In my most recent post on The New Republic’s The Treatment, I question the obsession by those in the Washington, DC health reform conversation–both legislators and media–over the “scores” provided by the Congressional Budget Office (CBO) on specific proposals.
It’s important to know what a health reform will cost. I think it’s equally importnat to know what that reform actually buys us, in terms of help for struggling families dealing with insurance premiums, cost-sharing, and medical debt.
In my piece, I invoke the “Moneyball” approach of the Oakland As, which looks at statistics that are more relevant to scoring runs and winning games. (The photo is of Nick Swisher, one the stars of the book, who made his way from the Sacramento RiverCats to the Oakland As and is now with the New York Yankees.) I propose that the CBO score be accompanied by other stats, including the CBI and the IOU. From the article:
It seems to me we need some new (or at least additional) metrics to properly evaluate these health reform proposals.
Every time we mention the impact of a health reform proposal on the federal budget with a CBO score, we should also give an estimate of how the proposal impacts a family budget. Call it the Consumer Budget Impact–the CBI. It would indicate how a family’s premiums would go up or down–and how much their exposure to significant medical debt would decline.
True, no single number can capture this. So we may need to come up with a set of numbers and perhaps compile them into an index, the way Dow Jones uses a mix of stocks to demonstrate the performance of the market as a whole. Elected officials should know if John’s family at just over the federal poverty level will be able to get coverage–and if we are expecting too much for Alice the 60-year old who is around 400 percent of the poverty level.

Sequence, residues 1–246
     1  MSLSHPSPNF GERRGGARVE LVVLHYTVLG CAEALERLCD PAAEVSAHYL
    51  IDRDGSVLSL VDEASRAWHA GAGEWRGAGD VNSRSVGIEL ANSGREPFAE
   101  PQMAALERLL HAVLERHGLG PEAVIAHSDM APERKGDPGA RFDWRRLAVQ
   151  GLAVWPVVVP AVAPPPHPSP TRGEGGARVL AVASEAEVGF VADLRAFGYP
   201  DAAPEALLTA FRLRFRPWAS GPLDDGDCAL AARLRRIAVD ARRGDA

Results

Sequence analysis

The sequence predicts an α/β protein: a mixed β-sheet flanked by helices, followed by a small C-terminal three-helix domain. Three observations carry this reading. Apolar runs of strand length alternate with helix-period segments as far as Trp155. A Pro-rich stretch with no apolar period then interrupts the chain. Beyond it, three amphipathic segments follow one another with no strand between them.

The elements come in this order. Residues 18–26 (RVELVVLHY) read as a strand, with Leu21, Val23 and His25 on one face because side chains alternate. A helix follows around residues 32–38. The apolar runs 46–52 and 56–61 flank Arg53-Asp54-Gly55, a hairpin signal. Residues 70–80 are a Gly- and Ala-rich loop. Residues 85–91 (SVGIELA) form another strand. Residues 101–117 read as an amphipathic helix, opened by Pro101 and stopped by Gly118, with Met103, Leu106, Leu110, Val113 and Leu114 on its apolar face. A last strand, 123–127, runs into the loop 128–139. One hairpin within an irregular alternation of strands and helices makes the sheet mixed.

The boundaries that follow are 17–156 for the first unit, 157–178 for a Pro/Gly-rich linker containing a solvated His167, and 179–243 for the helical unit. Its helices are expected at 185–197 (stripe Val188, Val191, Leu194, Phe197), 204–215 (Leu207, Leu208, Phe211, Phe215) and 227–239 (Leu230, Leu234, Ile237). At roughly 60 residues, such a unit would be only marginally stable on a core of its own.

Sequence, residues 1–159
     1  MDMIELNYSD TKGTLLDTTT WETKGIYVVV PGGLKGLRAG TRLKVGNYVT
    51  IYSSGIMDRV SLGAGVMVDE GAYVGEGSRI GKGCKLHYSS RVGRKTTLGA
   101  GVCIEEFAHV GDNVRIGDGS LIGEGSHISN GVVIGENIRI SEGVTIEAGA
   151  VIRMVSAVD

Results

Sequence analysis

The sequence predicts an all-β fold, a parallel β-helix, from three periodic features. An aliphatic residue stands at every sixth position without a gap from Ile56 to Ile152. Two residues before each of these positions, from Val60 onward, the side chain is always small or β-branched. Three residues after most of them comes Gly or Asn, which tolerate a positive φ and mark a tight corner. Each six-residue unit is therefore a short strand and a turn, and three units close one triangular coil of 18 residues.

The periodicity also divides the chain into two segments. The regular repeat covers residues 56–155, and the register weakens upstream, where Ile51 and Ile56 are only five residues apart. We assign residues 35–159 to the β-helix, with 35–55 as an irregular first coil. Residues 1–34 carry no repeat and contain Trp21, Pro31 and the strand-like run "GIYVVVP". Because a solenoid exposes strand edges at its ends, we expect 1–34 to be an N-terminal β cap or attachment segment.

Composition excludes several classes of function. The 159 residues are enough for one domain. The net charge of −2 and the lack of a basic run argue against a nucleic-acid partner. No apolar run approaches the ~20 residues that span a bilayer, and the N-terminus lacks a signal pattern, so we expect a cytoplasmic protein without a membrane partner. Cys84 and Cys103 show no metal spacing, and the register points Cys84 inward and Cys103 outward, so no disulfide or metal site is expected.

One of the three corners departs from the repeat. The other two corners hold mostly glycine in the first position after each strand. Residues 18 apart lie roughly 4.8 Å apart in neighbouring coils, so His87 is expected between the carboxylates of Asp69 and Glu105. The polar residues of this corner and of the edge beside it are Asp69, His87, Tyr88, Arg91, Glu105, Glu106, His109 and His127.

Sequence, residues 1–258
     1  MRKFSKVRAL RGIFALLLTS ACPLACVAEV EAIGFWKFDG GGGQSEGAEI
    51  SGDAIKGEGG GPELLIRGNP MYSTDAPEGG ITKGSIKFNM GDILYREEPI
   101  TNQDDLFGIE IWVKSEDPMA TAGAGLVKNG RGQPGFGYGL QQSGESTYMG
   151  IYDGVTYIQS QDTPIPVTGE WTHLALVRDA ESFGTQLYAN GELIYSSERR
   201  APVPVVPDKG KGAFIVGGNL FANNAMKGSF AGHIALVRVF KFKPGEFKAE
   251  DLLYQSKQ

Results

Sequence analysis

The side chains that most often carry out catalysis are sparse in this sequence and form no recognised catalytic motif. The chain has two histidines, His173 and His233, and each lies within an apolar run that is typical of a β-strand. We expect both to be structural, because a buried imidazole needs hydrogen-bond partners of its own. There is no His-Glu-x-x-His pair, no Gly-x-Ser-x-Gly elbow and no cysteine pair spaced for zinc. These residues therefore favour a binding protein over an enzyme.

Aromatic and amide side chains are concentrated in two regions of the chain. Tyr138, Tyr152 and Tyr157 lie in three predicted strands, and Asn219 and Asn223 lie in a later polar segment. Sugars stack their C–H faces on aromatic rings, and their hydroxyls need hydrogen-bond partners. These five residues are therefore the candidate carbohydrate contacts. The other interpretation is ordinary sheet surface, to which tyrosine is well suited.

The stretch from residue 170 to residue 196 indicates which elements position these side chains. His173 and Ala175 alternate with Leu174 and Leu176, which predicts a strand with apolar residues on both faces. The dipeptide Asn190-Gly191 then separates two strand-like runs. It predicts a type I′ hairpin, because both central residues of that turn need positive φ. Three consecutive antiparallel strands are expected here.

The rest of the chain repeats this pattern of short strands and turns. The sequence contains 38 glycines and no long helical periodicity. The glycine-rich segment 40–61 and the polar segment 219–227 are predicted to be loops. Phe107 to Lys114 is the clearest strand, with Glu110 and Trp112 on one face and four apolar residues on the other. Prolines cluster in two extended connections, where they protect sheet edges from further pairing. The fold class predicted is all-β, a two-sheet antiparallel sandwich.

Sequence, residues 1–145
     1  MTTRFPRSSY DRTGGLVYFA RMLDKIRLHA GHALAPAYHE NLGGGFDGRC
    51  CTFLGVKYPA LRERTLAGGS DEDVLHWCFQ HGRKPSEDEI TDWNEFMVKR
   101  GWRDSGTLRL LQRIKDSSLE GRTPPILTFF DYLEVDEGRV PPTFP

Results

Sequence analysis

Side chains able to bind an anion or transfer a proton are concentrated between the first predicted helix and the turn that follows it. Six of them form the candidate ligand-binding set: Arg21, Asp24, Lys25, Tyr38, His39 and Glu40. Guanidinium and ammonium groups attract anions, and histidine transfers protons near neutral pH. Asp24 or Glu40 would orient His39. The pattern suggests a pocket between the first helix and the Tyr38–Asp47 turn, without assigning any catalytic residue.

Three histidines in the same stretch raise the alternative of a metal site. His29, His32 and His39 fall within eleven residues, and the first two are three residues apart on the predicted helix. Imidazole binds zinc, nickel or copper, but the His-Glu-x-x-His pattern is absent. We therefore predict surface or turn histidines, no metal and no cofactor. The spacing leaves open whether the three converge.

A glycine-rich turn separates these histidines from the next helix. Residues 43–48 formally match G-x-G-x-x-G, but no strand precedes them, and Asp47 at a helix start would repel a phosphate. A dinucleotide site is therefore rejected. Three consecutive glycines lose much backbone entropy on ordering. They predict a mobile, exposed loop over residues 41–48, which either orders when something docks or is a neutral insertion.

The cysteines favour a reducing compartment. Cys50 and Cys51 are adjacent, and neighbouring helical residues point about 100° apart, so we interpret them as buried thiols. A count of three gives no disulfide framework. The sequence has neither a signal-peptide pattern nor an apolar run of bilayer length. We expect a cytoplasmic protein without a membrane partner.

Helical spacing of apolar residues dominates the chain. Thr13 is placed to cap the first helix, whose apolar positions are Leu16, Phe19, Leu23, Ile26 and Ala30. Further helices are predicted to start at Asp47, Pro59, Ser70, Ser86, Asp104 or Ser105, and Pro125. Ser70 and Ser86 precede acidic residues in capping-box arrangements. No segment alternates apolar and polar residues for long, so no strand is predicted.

Remember, the subsidies in health reform don’t simply help the uninsured get coverage; they also help people who already have coverage but are struggling to pay for it. Think of the early retiree who spends over $1,000 a month, and thus over a third of his or her limited income, to keep coverage. Or the underinsured young adult who can only afford the bare-bones, high-deductible health plan. Or the workers who would lose coverage if not for the assistance and new affordable options their employer is being offered.
All of these people are insured, but in a way that is inadvisable and/or unsustainable. Depending on their income, they and millions of others will get help, so they don’t have to pay over a certain percentage of their income for premiums to get a standard package of benefits.
When the Senate Finance Committee comes out with its bill, I hope the political conversation concentrates less on the CBO and if they met this arbitrary $1 trillion budget target, and more on IOUs and what would be the impact on family budgets, and how many people are helped, both insured, underinsured, and overstretched.
That’s what voters will care about–just like baseball fans know the win-loss record of their team, more than the cost of the team’s operations. Both our elected officials and the media need to do better focusing on the score that matters.